Chinese government-endorsed content about the pandemic and the “fighting spirit” of the country’s response will be added to school curriculum, the country’s ministry of education has said, in a move to enshrine the country’s narrative of success against the virus.

The content will be added to elementary and middle school classes in biology, health and physical education, history, and literature, and will “help students understand the basic fact that the Party and the state always put the life and safety of its people first”, the ministry said on Wednesday.

“Students will learn about key figures and deeds which emerged during the epidemic prevention and control efforts. They will learn to foster public awareness and dedication, to enrich knowledge about the advantages of the socialist system with Chinese characteristics,” the ministry said.

Earlier this year the National People’s Congress aired a proposal for the successes to be enshrined in the school curriculum, and content about China’s “fighting spirit” had already been incorporated into some high school subjects, Sixthtone reported.

While there was domestic pushback on China’s virus response, in particular the early attempts to cover up the outbreak and silence health workers who tried to speak out, the government has presented its efforts as hugely successful in containing Covid-19. In June it release a report lauding its own success and denying there was any coverup.

The country has largely contained the virus, and sporadic outbreaks – most recently in the Xinjiang region – are quickly clamped down on with local lockdowns and mass testing. But there are concerns about the approaching winter, and China’s National Development and Reform Commission has called on local governments to “guide families” in storing medical supplies ahead of a heightened risk of a Covid resurgence and the flu.

In Guangdong province, the health commission has released a list of 33 items for families to stock up on, from face masks and anti-bacterial swabs to first-aid material and emergency supplies like biscuits, water, escape rope ladders and whistles and and flashlights. Beijing, Jinan, Ningbo and other cities have issued similar recommendations to households.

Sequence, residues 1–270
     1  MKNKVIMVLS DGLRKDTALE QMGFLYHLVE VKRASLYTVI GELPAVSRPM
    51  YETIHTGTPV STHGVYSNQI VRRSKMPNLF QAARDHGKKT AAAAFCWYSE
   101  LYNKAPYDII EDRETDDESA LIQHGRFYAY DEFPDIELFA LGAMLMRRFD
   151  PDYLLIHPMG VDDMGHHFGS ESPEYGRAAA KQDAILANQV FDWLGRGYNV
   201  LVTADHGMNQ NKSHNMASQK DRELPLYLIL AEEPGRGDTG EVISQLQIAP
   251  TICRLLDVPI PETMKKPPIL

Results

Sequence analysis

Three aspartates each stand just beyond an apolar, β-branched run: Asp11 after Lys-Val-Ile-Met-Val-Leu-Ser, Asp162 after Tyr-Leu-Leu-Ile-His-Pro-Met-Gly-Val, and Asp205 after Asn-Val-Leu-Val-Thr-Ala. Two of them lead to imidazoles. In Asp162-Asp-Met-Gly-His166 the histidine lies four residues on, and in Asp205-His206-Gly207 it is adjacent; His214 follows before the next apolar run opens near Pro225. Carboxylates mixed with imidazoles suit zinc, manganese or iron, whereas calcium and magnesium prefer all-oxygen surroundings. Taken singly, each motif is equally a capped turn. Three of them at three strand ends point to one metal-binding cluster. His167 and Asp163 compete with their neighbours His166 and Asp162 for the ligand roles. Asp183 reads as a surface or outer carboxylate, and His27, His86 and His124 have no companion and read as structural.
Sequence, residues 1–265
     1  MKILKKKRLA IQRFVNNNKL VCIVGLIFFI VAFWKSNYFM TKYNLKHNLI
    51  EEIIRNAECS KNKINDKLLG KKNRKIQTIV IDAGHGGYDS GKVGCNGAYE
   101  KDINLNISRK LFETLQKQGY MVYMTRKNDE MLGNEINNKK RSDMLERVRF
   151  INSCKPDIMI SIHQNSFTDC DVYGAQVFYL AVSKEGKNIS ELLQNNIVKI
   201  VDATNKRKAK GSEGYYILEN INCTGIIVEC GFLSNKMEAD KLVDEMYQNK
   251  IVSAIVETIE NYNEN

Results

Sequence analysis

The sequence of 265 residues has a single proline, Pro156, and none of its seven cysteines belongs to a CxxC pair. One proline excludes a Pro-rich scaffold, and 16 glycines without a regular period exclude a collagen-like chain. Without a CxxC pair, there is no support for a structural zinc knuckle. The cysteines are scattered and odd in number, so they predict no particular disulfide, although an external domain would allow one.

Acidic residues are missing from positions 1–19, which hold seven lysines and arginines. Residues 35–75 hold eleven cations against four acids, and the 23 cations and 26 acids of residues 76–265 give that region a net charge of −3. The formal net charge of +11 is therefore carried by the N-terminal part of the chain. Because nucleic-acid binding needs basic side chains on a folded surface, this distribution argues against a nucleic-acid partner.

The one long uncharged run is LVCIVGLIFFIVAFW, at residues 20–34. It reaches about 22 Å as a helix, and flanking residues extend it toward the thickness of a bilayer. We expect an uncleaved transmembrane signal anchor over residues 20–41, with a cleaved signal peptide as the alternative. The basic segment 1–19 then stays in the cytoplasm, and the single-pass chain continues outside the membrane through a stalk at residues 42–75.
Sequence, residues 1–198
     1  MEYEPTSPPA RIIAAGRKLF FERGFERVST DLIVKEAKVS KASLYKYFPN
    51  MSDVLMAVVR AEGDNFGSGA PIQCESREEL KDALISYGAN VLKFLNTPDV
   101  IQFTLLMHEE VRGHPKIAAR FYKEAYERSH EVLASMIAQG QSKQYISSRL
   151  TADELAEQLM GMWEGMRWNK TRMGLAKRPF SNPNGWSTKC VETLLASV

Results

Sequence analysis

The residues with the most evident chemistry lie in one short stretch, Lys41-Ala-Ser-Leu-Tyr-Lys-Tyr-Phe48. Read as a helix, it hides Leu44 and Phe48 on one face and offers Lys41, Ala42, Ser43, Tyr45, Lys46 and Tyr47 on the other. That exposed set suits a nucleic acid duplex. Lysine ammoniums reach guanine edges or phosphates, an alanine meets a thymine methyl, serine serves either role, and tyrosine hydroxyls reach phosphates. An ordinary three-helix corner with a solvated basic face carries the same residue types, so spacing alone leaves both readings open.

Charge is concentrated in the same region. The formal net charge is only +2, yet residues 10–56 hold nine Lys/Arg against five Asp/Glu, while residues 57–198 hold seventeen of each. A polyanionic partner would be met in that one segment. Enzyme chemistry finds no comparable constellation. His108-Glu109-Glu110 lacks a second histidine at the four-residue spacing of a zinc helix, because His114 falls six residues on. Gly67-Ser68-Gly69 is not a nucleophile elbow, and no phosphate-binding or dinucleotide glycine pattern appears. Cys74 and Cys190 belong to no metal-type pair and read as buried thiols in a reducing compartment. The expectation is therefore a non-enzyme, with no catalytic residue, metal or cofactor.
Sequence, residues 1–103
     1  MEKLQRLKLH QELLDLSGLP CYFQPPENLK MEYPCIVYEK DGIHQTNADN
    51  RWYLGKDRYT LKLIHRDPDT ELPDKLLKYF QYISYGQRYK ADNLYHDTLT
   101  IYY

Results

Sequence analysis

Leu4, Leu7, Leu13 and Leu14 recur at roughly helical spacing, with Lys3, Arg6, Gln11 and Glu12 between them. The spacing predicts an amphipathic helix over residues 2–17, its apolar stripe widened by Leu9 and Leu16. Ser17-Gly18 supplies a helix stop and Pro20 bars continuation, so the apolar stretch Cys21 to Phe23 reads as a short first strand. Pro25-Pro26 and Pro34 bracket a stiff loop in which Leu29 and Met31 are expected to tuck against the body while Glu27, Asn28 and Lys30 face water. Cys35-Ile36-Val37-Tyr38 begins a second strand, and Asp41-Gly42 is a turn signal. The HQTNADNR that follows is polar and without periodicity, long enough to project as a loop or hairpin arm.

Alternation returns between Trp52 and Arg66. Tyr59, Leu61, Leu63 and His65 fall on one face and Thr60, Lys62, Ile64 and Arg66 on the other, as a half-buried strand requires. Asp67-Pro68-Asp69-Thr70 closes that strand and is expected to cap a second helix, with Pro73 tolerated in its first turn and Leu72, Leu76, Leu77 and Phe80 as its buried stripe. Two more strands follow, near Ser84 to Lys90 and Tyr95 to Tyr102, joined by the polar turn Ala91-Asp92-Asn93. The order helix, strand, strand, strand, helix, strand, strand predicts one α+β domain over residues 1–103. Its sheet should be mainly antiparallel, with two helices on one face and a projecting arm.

Hospitals and clinics are also stockpiling emergency supplies, including preparing stadiums, exhibition halls and other public venues for the possibility of being turned into temporary quarantine wards. Authorities in Zhejiang province have said that by the end of this year, every district or city should have no less than two large venues that can be quickly converted into emergency medical spaces.

The emergency supplies lists have prompted speculation from internet users over whether US warships were approaching China’s southern coast, while residents outside of the country asked whether Chinese officials might be preparing for war.

China’s state-run Global Times dismissed the rumours. “It is crucial to have necessary family supplies in wartime, but a war is not going to happen within the next few years,” Song Zhongping, a military commentator told the paper.

China has reported a total of 86,070 cases since the beginning of the pandemic, with a death toll of 4,634.

On Tuesday it reported 49 confirmed cases from the previous day, including 44 imported from overseas. It also reported 61 asymptomatic cases found through testing, which it does not include in its tally of confirmed Covid-19 cases.



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